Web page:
Maddy Douglass

Knitter, lawyer, and safer beauty advocate in San Francisco. 

Loves coffee, crafting, and cheese plates.  


Fork it Over: Almost Pesto Pasta

Alright everyone, this is going to be easy today. But sometimes you need easy. Sometimes easy is what allows you to keep pushing forward, to challenge yourself, to accomplish other things you thought were too hard. Sometimes easy is the best thing in the world. Sometimes you just want to make pasta and call it a night, amirite?


I am pretty lucky with my job. I like the work, I like the people, and I like the perks that come along with it for the time being (free breakfast and lunch, a bus to take me to work that has WiFi so I can blog, etc.) However, it's still a job. I still do things that require using my brain for 8 hours a day, and then have to commute back like everyone else. It may be an easier commute, but it still takes about an hour and a half each way. If I get home and then have to grocery shop and make something to put in my belly, well, that's just the proverbial sarcastic cherry on top. I love cooking and trying new recipes but sometimes (most of the time) I just want to heat something up and watch whatever bad reality show is on that night. Or The Walking Dead on Netflix. Or read Harry Potter. What am I talking about? Anyway.

I call this my "Almost Pesto Pasta" because it has all the ingredients of pesto without that pesky "cleaning the food processor" step that comes from blending them all together. If you're like me, and you're obsessed with the pasta part, you'll love this. Also, it takes about five seconds. That's a guesstimate, don't hold me to that.


- pasta - basil - pine nuts - garlic - parmesan - olive oil, salt, pepper

Click through for the whole "recipe" (chortle):

Step 1: Buy fancy pasta.

Sometimes you have to treat yoself and that includes buying nicer ingredients than you otherwise would for a "basic" dish. I like picking out the "authentically Italian" pastas sometimes, just for kicks. Plus, these ones are different shapes and colors! Wheeeee!

Step 1a: Cook according to directions.

(You can do this!)

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Step 2: Chop your basil

While your pasta is cooking, it's time to chop up your basil. I like to do this in little strips by rolling up the leaves as I'd learned from, who else, my mother. And maybe The Food Network.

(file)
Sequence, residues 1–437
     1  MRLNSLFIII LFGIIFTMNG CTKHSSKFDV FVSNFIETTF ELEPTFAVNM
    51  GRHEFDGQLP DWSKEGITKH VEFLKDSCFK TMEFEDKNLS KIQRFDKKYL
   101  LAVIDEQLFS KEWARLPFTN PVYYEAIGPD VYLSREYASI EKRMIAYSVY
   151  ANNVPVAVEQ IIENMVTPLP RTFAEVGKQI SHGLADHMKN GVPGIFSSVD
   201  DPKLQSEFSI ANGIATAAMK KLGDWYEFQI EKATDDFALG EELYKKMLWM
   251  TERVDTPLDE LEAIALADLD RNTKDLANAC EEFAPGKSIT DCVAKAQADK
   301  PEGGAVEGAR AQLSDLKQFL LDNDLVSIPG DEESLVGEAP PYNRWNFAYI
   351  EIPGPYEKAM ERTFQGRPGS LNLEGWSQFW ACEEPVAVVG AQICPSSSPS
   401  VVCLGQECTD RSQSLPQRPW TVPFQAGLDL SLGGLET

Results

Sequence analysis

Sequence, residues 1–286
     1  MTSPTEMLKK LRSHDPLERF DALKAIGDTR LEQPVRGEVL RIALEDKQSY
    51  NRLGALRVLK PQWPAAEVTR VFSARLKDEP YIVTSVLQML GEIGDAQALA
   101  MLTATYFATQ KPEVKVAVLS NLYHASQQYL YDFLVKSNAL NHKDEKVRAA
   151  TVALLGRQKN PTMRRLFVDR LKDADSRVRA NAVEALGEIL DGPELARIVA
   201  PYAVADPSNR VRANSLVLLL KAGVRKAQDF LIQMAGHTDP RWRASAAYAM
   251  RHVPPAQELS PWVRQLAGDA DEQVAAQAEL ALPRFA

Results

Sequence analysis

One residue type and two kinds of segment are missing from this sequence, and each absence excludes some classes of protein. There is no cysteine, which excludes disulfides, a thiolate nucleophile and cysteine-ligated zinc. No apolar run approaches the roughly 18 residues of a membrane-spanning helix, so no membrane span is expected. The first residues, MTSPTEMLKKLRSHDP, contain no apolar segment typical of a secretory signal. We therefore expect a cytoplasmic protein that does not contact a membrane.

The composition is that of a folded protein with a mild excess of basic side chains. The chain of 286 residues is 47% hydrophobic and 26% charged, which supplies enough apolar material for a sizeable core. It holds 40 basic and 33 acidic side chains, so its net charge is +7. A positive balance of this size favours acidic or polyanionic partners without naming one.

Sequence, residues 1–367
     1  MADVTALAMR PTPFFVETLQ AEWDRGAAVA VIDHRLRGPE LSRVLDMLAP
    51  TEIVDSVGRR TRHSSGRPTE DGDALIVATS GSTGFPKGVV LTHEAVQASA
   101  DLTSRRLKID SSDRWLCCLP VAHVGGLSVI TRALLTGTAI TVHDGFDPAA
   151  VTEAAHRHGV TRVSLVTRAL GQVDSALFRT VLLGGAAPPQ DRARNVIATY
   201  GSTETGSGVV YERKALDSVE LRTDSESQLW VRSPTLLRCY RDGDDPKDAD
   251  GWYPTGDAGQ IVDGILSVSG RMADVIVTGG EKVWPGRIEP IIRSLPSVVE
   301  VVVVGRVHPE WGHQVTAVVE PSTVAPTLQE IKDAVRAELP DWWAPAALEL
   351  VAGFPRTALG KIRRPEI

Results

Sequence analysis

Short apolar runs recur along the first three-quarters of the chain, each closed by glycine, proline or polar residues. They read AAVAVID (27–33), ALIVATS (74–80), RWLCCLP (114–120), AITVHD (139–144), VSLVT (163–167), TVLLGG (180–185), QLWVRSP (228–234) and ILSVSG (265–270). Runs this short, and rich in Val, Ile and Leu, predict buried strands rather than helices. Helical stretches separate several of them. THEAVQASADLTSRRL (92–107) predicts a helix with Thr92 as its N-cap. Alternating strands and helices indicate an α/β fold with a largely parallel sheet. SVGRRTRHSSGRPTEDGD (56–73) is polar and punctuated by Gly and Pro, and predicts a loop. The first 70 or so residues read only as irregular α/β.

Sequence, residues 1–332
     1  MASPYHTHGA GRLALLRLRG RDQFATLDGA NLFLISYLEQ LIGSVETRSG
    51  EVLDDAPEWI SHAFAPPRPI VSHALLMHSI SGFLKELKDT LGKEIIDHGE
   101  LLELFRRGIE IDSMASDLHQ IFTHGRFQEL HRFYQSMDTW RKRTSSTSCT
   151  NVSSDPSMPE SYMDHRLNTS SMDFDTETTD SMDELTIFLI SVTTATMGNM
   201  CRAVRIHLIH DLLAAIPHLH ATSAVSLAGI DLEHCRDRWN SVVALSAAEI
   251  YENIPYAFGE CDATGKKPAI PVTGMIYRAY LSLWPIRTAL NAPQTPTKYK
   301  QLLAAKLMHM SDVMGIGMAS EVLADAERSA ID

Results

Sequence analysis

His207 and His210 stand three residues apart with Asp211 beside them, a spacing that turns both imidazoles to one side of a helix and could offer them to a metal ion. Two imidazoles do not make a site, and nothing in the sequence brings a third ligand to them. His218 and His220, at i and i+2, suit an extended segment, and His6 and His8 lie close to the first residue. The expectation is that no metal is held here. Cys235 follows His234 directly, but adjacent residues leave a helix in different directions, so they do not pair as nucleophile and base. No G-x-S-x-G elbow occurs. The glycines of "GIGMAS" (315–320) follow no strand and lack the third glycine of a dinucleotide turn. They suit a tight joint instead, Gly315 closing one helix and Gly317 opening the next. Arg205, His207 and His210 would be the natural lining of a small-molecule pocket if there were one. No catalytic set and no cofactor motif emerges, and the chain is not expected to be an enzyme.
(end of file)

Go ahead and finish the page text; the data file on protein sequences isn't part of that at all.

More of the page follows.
You can separate your leaves into sizes like I've done here so that they will roll together more easily...


Then, roll from the stem/base up to the tip, hold it horizontally with one hand, and slice like a normal "vegetable" so that the little slices are actually strips of delicious, fragrant basil. Yum yum yum.

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More pictures of the funny pasta! I love how even the shape of food can be exciting sometimes. Or maybe that's just the little kid in me who still buys the Kraft Macaroni & Cheese in cartoon shapes...

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Step 3: Mix your pine nuts and garlic.

I used about 1/4 cup of pine nuts and a couple of tablespoons of minced garlic because I was feeling extra lazy today. Obviously real garlic is much better but I'll leave that to you to decide. Real everything is better, who are we kidding?

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Step 5: Cook up the garlic and pine nuts in some olive oil. 

Again, this is up to your preference - you can toast the pine nuts, which would give them a bit richer of a flavor, but I believe these photos were taken during the era without a toaster in our apartment. Whoops! So, at any rate, fry (cook?) the garlic a bit until it becomes fragrant but be careful not to burn it.


You should have been cooking your pasta this whole time so, you know, keep doing that, and then drain it.


Step 6: Mix!

Pasta back in pot, pine nuts and garlic mixture on top, then your sliced basil, and some extra olive oil so that it all sticks together, salt and pepper to taste. You can also squeeze a bit of lemon juice on top! How fancy.


Mix it all together well and serve with a sprinkle of parmesan. As my friends know, my "sprinkle" is a bit bigger than most, so, do what you want. There's no judgment here at MB! Most of the time!

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Easy peasy lemon squeezy! You're welcome.


Do you have a favorite work-week dish you make? I'd love to hear new recipes!

"Sorry I'm not sorry."

Clarion Street, San Francisco